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Flat Tax Reforms in the US: A Boon for the Income Poor

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  • Díaz-Giménez, Javier
  • Pijoan-Mas, Josep

Abstract

In this article we quantify the aggregate, distributional and welfare consequences of two revenue neutral flat-tax reforms using a model economy that replicates the U.S. distributions of earnings, income and wealth in very much detail. We find that the less progressive reform brings about a 2.4% increase in steady state output and a more unequal distribution of after-tax income. In contrast, the more progressive reform brings about a -2.6% reduction in steady state output and a distribution of after-tax income that is more egalitarian. We also find that in the less progressive flat-tax economy aggregate welfare falls by -0.17% of consumption, and in the more progressive flat-tax economy it increases by 0.45% of consumption. In both flat-tax reforms the income poor pay less income taxes and obtain sizeable welfare gains.

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Paper provided by C.E.P.R. Discussion Papers in its series CEPR Discussion Papers with number 5812.

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Date of creation: Sep 2006
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Handle: RePEc:cpr:ceprdp:5812

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Keywords: earnings distribution; efficiency; flat-tax reforms; income distribution; inequality; wealth distribution;

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  1. Flat taxes: good for the poor
    by chris dillow in Stumbling and Mumbling on 2006-07-17 14:37:42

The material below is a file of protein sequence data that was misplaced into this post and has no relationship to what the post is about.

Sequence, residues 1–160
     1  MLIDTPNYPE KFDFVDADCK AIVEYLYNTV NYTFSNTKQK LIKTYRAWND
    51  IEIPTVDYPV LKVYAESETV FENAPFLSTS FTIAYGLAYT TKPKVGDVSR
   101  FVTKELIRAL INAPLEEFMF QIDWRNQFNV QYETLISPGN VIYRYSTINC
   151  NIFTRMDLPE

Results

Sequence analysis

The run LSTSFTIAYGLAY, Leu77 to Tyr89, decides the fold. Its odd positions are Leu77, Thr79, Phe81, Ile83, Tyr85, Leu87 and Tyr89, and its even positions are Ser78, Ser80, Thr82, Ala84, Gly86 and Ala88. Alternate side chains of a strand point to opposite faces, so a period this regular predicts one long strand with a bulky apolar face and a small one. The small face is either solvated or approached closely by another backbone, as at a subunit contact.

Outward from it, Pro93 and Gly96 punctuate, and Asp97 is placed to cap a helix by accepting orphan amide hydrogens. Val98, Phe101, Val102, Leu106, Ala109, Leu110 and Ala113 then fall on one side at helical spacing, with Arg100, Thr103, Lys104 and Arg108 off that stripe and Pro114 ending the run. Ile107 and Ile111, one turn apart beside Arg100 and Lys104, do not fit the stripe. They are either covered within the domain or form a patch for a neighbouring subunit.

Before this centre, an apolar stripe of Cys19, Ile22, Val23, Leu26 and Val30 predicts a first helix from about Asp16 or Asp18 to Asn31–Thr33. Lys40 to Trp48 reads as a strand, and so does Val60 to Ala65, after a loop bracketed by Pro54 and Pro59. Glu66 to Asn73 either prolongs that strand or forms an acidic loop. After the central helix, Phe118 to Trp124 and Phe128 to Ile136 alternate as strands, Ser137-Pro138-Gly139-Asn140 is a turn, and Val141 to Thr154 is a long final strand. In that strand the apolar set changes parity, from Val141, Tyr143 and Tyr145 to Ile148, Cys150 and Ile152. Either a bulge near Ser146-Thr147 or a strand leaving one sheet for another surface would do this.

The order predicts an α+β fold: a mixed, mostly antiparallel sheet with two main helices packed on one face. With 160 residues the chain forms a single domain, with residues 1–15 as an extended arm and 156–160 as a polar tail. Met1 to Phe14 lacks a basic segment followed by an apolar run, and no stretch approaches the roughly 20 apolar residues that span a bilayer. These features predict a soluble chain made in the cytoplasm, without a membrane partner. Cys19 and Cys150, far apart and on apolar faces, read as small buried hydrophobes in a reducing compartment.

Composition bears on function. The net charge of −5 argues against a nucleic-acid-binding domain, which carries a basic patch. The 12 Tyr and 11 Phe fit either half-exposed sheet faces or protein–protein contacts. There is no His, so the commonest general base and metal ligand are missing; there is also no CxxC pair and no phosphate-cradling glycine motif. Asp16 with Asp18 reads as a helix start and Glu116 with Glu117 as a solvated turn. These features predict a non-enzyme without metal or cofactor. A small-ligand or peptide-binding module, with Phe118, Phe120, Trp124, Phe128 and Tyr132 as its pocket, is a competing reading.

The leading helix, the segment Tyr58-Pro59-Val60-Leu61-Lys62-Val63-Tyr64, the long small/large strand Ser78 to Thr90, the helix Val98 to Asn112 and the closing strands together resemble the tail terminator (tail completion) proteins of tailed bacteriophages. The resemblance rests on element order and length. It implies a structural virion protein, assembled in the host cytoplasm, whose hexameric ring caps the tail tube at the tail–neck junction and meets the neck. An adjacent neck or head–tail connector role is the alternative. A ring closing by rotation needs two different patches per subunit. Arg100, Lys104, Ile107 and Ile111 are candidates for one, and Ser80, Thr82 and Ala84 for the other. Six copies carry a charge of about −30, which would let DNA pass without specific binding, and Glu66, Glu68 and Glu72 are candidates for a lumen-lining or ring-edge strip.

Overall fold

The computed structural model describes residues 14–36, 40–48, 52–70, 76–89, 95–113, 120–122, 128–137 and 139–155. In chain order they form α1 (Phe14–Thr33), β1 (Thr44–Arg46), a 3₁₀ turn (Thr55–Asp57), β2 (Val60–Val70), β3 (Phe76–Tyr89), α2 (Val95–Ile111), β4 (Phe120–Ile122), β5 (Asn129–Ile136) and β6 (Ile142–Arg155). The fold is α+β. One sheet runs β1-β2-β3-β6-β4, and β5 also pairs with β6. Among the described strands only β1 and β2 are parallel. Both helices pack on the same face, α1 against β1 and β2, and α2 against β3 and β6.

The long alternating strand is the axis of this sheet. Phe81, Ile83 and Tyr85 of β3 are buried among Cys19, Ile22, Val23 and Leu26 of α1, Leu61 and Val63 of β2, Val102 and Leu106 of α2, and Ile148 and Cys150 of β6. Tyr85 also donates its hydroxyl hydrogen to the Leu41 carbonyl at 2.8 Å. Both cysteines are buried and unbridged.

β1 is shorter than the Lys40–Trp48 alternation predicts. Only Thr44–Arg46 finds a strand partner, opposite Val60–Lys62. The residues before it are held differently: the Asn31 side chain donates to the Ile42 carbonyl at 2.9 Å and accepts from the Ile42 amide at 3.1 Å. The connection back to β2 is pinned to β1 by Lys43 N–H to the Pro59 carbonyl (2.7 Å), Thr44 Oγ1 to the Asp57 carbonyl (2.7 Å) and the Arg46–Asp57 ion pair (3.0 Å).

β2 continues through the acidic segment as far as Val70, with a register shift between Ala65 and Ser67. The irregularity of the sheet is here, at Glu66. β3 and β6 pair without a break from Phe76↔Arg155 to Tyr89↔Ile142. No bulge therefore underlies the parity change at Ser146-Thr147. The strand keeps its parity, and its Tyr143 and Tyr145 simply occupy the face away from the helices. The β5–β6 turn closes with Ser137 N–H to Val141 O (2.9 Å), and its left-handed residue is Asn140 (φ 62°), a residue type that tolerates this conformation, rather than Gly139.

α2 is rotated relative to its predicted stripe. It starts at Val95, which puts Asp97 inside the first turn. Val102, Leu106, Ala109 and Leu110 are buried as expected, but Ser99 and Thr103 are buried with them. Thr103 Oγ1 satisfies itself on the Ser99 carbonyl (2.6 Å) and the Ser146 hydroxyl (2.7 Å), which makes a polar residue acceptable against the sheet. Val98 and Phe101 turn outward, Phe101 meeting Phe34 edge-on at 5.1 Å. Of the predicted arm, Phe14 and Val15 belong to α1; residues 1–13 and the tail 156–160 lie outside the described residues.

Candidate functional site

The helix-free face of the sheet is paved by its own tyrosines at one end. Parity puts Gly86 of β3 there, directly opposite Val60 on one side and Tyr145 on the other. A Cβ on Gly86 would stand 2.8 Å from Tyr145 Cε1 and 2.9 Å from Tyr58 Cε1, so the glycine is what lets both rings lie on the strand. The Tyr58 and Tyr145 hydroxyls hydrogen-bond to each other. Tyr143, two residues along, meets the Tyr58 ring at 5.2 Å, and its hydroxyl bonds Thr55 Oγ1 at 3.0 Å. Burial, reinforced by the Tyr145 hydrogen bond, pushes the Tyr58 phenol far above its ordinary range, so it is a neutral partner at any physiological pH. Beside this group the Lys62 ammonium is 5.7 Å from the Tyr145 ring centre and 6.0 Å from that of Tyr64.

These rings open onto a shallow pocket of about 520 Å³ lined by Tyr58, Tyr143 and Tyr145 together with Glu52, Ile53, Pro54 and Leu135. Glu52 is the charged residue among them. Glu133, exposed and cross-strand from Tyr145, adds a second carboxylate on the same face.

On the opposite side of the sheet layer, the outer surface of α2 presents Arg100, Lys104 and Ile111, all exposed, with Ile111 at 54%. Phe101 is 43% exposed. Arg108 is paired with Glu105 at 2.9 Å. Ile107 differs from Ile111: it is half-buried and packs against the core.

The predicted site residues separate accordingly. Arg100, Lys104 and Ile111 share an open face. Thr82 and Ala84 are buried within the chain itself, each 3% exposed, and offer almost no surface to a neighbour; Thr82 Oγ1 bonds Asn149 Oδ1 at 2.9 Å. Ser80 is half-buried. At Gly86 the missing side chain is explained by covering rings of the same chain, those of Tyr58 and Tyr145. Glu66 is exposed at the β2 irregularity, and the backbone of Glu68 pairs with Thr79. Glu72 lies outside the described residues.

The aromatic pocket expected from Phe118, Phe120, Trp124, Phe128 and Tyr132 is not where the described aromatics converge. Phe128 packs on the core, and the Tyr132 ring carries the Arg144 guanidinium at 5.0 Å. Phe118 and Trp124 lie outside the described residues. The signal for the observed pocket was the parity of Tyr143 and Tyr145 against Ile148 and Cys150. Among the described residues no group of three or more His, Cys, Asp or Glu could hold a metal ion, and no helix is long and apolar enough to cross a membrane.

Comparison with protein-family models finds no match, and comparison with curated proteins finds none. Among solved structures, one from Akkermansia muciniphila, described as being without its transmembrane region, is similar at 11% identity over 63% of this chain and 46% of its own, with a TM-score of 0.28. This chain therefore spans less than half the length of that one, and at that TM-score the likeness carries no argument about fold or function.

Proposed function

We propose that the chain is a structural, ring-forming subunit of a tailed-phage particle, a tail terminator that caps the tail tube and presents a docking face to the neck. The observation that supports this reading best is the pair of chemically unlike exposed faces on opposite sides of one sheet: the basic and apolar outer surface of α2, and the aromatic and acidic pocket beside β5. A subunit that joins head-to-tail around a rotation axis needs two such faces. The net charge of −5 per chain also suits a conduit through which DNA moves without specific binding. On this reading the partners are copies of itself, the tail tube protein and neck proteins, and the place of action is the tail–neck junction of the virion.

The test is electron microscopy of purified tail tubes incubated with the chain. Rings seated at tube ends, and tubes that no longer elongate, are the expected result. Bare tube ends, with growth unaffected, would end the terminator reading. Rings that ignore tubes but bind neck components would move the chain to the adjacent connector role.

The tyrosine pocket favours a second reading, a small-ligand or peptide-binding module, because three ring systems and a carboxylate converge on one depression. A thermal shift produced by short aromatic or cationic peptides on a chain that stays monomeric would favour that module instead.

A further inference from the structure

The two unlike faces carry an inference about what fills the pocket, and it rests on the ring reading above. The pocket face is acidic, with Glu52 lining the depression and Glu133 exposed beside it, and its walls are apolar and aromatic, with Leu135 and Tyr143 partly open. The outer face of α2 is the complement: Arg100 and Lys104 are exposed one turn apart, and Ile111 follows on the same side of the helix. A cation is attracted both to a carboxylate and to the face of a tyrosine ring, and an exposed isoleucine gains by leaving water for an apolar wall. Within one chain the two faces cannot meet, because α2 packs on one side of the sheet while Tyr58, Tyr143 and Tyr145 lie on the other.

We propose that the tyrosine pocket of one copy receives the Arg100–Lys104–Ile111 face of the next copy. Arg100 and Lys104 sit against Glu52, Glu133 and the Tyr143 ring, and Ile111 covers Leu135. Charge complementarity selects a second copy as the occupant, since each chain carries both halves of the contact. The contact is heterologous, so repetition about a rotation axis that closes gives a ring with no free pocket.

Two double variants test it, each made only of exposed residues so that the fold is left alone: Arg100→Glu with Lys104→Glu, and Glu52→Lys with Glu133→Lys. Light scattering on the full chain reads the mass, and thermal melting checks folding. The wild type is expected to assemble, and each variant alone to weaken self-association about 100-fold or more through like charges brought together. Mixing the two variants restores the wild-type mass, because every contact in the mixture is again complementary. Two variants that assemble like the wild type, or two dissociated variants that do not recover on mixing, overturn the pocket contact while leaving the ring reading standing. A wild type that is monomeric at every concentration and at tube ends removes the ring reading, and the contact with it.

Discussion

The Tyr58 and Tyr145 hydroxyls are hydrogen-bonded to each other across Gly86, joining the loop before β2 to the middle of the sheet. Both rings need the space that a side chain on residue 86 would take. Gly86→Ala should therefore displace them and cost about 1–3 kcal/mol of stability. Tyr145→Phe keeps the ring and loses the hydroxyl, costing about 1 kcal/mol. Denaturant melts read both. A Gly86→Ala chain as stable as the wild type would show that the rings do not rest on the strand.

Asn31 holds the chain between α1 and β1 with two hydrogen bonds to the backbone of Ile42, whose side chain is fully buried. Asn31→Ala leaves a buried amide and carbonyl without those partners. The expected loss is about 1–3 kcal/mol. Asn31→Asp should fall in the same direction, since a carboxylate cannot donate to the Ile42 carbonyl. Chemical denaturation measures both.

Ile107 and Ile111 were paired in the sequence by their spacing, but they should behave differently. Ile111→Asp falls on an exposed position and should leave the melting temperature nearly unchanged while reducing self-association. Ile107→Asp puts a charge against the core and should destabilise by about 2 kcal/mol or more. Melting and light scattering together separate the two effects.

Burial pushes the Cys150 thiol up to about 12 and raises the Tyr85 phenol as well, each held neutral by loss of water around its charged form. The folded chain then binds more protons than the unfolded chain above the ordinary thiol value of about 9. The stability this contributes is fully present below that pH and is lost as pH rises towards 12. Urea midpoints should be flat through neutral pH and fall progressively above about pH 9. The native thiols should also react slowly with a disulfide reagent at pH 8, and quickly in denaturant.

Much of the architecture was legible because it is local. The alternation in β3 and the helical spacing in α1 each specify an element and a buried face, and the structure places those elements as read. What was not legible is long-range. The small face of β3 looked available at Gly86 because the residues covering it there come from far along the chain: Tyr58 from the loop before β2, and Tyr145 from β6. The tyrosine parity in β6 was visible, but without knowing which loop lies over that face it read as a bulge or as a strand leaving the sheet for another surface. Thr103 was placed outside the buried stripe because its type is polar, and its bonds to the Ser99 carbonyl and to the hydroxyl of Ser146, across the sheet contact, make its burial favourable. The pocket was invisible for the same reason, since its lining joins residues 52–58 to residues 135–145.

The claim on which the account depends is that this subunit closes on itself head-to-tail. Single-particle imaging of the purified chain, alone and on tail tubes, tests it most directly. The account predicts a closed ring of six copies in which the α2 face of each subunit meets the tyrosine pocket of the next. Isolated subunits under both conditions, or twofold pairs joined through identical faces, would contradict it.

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Cited by:
  1. Guner, Nezih & Kaygusuz, Remzi & Ventura, Gustavo, 2011. "Income Taxation of U.S. Households: Basic Facts," IZA Discussion Papers 5549, Institute for the Study of Labor (IZA).
  2. Peichl, Andreas, 2008. "The Benefits of Linking CGE and Microsimulation Models: Evidence from a Flat Tax Analysis," IZA Discussion Papers 3715, Institute for the Study of Labor (IZA).
  3. Javier Diaz-Gimenez & Josep Pijoan-Mas, 2006. "Flat Tax Reforms in the U.S.: a Boon for the Income Poor," Computing in Economics and Finance 2006 400, Society for Computational Economics.
  4. Nezih Guner & Remzi Kaygusuz & Gustavo Ventura, . "Income Taxation of U.S. Households: Facts and Parametric Estimates," Review of Economic Dynamics, Elsevier for the Society for Economic Dynamics.
  5. Daniel R. Carroll & Eric R. Young, 2009. "The long run effects of changes in tax progressivity," Working Paper 0913, Federal Reserve Bank of Cleveland.
  6. Remzi Kaygusuz, 2010. "Taxes and Female Labor Supply," Review of Economic Dynamics, Elsevier for the Society for Economic Dynamics, vol. 13(4), pages 725-741, October.
  7. Guner, Nezih & Kaygusuz, Remzi & Ventura, Gustavo, 2008. "Taxation, Aggregates and the Household," IZA Discussion Papers 3318, Institute for the Study of Labor (IZA).
  8. Oleksiy Kryvtsov & Alexander Ueberfeldt, 2007. "Schooling, Inequality and Government Policy," Working Papers 07-12, Bank of Canada.
  9. Marta González-Torrabadella & Josep Pijoan-Mas, 2006. "Flat tax reforms: a general equilibrium evaluation for Spain," Investigaciones Economicas, Fundación SEPI, vol. 30(2), pages 317-351, May.
  10. repec:ese:iserwp:2009-02 is not listed on IDEAS

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